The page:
Military puts own people on the street Victims of budget cuts unable to find good civilian jobs.

November 18, 1991|By Knight-Ridder

Kimberly Miller was a sergeant who hadn't been promoted after 10 years in the Air Force. A decade ago, she might have been given more time to try.

But in today's Air Force, there's little room for compromise. Or for Kimberly Miller. She has been told to go.

Miller, 31, is lucky -- she chose to stay home with her children near Fresno, Calif., so she's not seeking a job. But thousands of others, in all branches of a shrinking military, are being forced out at a time when civilian job prospects are grim.

For those without college degrees or specific technical skills, years of military training won't mean much, officials say.

"We anticipate there are some folks out there who are going to have problems, particularly those who come out of combat arms," says Mack McKinney of the Non-Commissioned Officers Association, a non-profit group that is an advocate for the military's 1.3 million senior enlisted personnel.

"How many people want to hire cannon cockers?" McKinney asks.

By 1995, the Navy will have cut 77,000 sailors. The Marines will trim 28,000 troops, the Air Force 170,000, and the Army 245,000. All this is in addition to the 300,000 people, including retirees, who leave the military each year.

The Pentagon hopes attrition and voluntary leaves will constitute FTC most of the cuts. But attrition won't do it all.

"There's no way I can cut the defense budget without cutting personnel," Defense Secretary Richard Cheney says. "I wish I didn't have to do it, but I have no choice."

Two weeks ago, the secretary of the Army signed an order discharging 700 first lieutenants, among them 270 Persian Gulf War veterans, Cheney says. They were given 90 days.

The reduction in forces is different from those that came after World War II, the Korean War and Vietnam. As Cheney put it: "There isn't anybody serving in the military today who didn't ask to be there."

Some of those who volunteered for duty expected to enjoy long careers in the service. So, with the cuts are coming hard questions, but few answers, about how well the military prepares people for jobs outside.

Department of Defense has done little to study the issue beyond the particular problems of Vietnam veterans.

One small survey conducted at Fort Dix, N.J., last year by base education director Chuck Adimaro questioned 400 departing soldiers. Of the 200 who responded to the follow-up questionnaire, 70 percent were employed six months later. But only 17 percent of those soldiers said they liked their jobs. Most -- 77 percent -- said they were earning $15,000 or less despite their years of military service.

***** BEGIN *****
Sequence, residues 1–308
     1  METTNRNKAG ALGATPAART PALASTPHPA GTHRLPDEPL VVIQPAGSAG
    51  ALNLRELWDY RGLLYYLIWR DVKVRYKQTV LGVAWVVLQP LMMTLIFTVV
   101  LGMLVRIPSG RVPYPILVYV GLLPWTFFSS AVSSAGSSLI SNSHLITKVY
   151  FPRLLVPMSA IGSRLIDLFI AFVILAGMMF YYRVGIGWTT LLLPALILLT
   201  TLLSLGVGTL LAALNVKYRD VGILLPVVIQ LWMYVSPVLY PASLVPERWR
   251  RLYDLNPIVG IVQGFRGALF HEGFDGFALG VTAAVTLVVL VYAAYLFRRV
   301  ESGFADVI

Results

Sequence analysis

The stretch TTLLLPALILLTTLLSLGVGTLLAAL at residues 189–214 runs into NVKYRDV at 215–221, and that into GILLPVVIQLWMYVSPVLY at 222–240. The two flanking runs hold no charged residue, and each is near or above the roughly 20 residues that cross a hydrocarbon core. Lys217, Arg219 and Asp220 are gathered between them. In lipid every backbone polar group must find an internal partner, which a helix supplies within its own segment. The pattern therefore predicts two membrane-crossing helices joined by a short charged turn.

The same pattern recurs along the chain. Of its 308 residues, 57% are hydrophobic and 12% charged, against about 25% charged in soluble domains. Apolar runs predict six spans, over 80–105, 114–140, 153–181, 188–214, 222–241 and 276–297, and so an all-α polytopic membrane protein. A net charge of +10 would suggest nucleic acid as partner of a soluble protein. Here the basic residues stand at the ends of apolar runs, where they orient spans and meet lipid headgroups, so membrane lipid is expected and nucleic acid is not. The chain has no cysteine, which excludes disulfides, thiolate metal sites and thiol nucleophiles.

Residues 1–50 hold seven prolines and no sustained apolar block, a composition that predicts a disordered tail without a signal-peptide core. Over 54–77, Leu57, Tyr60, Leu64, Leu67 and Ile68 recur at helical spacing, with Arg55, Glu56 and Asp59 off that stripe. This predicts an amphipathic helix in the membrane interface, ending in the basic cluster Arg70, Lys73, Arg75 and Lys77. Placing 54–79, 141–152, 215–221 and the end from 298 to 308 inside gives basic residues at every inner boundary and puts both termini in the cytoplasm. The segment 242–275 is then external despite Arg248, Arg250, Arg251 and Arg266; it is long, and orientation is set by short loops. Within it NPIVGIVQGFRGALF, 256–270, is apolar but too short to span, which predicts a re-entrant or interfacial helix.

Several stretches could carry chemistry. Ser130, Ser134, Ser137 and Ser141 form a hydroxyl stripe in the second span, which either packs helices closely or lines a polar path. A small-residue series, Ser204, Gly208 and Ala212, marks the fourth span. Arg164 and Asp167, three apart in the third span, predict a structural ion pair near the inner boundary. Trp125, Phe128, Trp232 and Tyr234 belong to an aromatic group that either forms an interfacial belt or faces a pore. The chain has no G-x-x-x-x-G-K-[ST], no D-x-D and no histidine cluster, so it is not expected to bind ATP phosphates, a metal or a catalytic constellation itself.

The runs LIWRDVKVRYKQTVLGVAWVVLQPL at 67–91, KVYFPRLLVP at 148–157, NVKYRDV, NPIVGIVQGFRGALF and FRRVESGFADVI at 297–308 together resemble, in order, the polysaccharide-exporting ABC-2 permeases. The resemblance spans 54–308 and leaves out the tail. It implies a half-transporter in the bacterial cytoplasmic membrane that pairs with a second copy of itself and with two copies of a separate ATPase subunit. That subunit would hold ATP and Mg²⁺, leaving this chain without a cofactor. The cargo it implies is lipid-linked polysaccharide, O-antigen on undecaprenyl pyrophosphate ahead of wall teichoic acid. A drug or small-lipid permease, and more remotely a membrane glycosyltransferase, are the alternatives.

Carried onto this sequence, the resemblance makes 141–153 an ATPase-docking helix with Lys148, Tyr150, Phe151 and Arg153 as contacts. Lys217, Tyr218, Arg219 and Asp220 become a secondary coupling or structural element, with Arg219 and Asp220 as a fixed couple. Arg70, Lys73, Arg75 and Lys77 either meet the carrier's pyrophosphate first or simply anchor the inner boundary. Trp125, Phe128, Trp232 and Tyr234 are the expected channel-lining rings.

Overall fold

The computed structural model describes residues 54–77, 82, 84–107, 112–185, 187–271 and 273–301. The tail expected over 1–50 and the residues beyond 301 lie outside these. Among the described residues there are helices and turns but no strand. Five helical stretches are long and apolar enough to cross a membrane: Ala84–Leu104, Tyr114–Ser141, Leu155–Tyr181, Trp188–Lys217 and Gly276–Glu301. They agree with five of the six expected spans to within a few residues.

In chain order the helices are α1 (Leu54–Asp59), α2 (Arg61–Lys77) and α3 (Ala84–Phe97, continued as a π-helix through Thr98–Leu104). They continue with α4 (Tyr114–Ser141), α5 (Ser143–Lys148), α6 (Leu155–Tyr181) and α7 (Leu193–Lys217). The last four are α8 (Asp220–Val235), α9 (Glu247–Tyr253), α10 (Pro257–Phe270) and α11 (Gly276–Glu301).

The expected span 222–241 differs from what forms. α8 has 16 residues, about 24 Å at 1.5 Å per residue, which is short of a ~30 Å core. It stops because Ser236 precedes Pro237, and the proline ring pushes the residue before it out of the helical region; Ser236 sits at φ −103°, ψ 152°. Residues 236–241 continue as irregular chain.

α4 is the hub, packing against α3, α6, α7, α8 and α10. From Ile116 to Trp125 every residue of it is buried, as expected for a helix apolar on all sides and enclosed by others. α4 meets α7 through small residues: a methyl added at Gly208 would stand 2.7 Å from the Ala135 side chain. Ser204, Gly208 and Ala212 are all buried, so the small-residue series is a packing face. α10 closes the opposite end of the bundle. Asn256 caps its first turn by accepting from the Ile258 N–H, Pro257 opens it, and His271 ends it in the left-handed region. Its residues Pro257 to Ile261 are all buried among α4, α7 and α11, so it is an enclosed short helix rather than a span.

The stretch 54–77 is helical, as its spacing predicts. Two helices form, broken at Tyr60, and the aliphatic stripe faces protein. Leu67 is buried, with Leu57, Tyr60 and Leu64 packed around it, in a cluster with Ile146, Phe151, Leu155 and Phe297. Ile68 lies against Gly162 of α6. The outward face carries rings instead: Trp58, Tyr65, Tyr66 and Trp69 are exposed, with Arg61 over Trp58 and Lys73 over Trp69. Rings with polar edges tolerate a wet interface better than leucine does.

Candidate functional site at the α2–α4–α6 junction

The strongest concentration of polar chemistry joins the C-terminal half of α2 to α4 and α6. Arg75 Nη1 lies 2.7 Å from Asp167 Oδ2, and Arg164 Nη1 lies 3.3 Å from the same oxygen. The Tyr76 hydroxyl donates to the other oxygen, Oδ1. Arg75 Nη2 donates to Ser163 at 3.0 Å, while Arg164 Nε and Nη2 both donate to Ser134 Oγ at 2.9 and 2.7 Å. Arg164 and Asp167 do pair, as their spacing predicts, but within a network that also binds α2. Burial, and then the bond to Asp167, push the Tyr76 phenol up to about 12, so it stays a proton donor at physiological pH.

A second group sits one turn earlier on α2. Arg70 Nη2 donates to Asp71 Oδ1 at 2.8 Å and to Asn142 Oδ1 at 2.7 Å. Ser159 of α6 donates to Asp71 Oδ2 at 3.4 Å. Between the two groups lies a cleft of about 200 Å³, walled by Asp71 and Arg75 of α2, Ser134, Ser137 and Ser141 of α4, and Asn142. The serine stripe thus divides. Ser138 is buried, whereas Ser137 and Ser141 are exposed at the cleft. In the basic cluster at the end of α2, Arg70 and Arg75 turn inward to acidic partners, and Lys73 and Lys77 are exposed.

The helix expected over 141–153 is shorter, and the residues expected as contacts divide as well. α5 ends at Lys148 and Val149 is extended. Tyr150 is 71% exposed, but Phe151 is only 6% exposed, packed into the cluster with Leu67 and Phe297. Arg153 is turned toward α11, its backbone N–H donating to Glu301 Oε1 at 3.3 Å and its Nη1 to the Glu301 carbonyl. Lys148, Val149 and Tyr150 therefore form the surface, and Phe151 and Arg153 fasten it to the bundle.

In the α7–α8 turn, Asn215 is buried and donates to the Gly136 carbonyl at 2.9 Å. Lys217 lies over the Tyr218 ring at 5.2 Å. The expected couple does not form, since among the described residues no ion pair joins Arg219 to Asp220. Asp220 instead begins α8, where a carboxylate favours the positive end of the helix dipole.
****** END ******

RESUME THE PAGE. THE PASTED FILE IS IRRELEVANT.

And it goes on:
Military officials like to talk about the "marketability" of former service men and women -- their discipline, loyalty, confidence under stress, and presumably drug-free status.

"But those are traits, not skills," Adimaro says. "All those honorable traits aren't going to generate revenue."

Former Master Sgt. Jack Vance of Fayetteville, N.C., was supposed to retire from the Air Force in August. Instead, he was told to pack his bags and head out in February, a few months shy of his 26th anniversary. He would still receive retirement benefits, but the early move shrank his pension by $220 a month.

Vance, 45, has found that employers don't care about his military experience. They want to see a college degree. So after searching for months without success, he's going

back to school.

"I just got tired of people saying, if you had a degree we'd hire you tomorrow," he says.

Nearly 98 percent of enlisted people have high school degrees or the equivalent. But fewer than 3 percent have college degrees. And although they can use the GI bill to pursue higher education, the Veterans Administration reports that only a minority of veterans do so.

By contrast, all active-duty officers must be college graduates. They also gain management experience from their years in the service.

Many officers therefore assume that landing civilian jobs will be easier than for their enlisted counterparts. But the transition can still be tough, says Douglas Carter, placement director for the Retired Officers Association.

Many officers have no idea how to write a resume, how to describe their skills in non-military jargon or how to network effectively, he says. Worse, employers often assume that officers are strangers to cost-efficiency and have been discouraged from creative thinking.

"Just because you're successful in the military, that's not an insurance policy that you're going to be successful in the private sector," Carter says.

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